All my US projects have strong international components. In addition, I also serve on the United Nation's International Resources Panel (add link). The Panel’s mission is to provide independent, coherent and authoritative scientific assessments of policy relevance on the sustainable use of natural resources and, in particular, their environmental impacts over the full life cycle; and contribute to a better understanding of how to decouple economic growth from environmental degradation. Specifically, I've been active on three projects. (UN IRP logo on right of this intro, if we have permission to use)
Assessing Global Resource Use: A systems approach to resource efficiency and pollution reduction
Co-led by Stefan Bringezu and Anu Ramaswami with a team of experts from the International Resources Panel. This report presents the current outlook and future trajectories for global resource use with implications for sustainable development. Ramaswami’s team leads chapters on cities and air pollution, identifying strategies at the intersection of infrastructure planning and resource efficiency that can reduce air pollution and advance sustainable development in cities of both developed and developing nations. This report was launched at the United Nations Third Environmental Assembly in Nairobi in 2017. (photo of Anu with three colleagues at UNEA)Assessing Global Resource Use
Sustainable Urban Infrastructure Transitions in the ASEAN Region
This report contextualizes the Weight of Cities report to urbanization in the Association for Southeast Asian Nations. The ASEAN Nations are a block of 10 countries including: Indonesia, Malaysia, Thailand, Vietnam, Singapore, Philippines, Myanmar, Brunei, Cambodia, and Laos. A key finding in this report is that the region is expecting the rise of more than 200 small cities over next 30 years, making infrastructure planning very important for sustainability. Strategies are identified in land use planning, transportation planning, energy efficient buildings, and cross sector ways to value projects to enhance resource efficiency while developing inclusive cities. (some pic or front page of report)Link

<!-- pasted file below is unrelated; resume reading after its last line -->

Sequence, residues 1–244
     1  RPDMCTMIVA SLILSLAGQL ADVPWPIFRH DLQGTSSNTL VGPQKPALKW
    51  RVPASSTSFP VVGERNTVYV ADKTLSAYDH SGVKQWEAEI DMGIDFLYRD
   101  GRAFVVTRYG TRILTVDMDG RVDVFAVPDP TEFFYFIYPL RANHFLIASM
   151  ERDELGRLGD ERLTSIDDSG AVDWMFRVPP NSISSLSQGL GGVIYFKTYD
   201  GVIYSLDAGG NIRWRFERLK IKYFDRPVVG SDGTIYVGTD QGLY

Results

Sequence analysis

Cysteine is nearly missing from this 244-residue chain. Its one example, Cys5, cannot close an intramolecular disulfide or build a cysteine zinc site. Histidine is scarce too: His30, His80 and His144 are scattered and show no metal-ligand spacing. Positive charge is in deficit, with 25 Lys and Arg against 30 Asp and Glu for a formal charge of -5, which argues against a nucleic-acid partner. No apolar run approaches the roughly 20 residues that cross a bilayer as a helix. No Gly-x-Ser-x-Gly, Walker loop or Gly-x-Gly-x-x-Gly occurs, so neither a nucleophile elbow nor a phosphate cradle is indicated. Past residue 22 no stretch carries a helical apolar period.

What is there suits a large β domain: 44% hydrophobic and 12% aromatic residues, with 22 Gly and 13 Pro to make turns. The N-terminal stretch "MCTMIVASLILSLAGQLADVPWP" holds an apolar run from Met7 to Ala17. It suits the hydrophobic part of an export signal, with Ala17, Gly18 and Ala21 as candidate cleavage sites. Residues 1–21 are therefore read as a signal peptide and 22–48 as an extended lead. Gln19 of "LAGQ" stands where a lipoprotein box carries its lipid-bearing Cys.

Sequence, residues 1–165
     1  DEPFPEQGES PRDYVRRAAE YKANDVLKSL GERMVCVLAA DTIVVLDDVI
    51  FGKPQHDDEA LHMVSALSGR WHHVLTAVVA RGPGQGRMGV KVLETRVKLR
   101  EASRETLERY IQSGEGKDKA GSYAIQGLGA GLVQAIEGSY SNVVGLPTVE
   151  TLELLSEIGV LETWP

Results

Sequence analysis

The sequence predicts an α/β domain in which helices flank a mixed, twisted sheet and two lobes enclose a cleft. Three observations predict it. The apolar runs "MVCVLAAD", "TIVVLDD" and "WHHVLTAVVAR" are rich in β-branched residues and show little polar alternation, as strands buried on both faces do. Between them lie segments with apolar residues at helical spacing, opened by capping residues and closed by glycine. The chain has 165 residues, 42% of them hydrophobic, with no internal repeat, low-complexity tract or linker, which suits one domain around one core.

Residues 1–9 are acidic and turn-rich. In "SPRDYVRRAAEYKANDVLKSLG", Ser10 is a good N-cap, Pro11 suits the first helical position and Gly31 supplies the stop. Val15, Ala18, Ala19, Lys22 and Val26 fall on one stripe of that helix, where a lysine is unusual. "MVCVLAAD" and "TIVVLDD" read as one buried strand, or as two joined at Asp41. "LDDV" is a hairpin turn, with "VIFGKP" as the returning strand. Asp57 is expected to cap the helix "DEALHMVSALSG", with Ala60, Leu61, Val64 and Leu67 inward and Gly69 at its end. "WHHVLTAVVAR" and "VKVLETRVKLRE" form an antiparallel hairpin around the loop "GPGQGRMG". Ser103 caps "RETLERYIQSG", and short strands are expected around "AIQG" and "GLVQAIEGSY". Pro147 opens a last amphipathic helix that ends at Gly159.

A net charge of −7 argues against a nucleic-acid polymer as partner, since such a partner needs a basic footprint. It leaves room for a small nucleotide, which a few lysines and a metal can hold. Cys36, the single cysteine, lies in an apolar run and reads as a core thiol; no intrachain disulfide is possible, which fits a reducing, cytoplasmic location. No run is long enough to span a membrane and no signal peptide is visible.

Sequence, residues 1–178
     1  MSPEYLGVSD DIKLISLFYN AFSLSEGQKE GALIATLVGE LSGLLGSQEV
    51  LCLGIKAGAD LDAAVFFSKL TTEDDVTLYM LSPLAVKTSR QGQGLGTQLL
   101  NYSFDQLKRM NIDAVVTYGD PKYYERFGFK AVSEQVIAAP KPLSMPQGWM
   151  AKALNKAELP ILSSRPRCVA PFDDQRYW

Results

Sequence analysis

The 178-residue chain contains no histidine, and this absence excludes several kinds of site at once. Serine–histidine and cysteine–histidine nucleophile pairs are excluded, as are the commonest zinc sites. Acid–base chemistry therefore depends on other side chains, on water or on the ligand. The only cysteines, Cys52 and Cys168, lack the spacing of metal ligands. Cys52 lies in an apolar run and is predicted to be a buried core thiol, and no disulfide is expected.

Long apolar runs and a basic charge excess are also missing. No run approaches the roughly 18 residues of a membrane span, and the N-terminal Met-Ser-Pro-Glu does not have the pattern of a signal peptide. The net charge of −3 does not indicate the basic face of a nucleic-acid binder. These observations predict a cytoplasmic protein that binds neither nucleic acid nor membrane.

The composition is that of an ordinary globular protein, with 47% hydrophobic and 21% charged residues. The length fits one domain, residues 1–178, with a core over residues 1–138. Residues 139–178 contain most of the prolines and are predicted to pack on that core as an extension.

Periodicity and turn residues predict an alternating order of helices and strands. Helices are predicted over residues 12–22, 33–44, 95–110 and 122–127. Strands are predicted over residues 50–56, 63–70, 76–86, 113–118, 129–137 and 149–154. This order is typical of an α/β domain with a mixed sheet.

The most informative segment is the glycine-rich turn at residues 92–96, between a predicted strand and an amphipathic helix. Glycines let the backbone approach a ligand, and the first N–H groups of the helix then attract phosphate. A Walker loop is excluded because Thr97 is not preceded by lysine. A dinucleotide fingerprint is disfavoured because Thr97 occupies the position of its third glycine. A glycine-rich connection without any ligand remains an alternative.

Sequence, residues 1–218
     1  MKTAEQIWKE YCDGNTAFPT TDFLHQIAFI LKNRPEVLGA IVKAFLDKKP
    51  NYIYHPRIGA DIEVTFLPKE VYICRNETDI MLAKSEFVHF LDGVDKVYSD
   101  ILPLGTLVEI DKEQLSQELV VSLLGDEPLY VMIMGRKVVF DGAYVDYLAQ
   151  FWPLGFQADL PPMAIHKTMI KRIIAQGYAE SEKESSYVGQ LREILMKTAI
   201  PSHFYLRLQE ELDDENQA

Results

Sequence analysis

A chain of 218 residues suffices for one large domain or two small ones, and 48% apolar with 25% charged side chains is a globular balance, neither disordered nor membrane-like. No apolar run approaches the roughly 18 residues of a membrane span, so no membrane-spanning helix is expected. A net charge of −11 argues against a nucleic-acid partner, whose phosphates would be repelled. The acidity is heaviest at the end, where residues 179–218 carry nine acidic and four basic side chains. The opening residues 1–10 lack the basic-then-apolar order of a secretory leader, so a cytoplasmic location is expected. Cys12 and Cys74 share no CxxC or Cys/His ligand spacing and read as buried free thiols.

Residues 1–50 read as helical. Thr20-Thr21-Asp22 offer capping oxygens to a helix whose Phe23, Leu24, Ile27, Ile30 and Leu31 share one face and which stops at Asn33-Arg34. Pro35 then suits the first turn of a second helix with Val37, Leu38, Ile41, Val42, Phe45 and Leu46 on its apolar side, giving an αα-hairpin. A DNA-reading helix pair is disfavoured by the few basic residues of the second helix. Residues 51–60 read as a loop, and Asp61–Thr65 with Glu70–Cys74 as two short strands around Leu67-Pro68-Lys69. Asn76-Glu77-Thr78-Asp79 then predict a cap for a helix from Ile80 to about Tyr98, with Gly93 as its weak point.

The Weight of Cities: Resource Requirements of Future Urbanization
Led by colleagues Mark Swilling and Maarten Hajer.
The Weight of Cities report makes a first order estimation of the material requirements for key infrastructure sectors in cities including buildings and transportation networks. My group contributes by accessing the material requirements to develop more equitable and inclusive, resource efficient cities in India. (Ajay any good photos of multi story buildings or slums, ask KK and Jerry Zhao: ask KK about photos from India/China trip)Link